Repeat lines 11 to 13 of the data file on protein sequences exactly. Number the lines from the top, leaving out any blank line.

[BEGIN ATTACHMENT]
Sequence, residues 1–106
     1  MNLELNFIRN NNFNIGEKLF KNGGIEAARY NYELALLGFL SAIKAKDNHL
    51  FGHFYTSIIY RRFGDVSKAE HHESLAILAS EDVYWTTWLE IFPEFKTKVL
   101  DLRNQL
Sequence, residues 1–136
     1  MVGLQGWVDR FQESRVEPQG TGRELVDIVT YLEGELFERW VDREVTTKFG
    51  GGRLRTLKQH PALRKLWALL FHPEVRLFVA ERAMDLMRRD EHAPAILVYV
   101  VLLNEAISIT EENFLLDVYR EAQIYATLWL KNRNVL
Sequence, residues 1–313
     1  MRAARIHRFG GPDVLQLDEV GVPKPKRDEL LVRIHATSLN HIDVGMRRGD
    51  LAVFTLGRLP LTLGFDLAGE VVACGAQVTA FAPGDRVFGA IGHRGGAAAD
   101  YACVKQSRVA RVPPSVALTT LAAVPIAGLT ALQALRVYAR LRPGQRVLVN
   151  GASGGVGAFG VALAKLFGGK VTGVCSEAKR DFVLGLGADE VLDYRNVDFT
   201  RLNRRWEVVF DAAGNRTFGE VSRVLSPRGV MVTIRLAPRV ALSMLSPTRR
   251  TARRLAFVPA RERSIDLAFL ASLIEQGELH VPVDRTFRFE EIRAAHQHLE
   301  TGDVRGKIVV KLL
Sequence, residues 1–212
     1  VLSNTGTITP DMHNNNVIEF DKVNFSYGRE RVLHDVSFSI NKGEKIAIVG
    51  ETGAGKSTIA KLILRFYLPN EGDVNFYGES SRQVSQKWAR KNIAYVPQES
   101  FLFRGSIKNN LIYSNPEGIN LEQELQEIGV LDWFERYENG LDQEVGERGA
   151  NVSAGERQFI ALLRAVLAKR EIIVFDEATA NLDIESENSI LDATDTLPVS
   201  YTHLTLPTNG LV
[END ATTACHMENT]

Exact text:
    51  LAVFTLGRLP LTLGFDLAGE VVACGAQVTA FAPGDRVFGA IGHRGGAAAD
   101  YACVKQSRVA RVPPSVALTT LAAVPIAGLT ALQALRVYAR LRPGQRVLVN
   151  GASGGVGAFG VALAKLFGGK VTGVCSEAKR DFVLGLGADE VLDYRNVDFT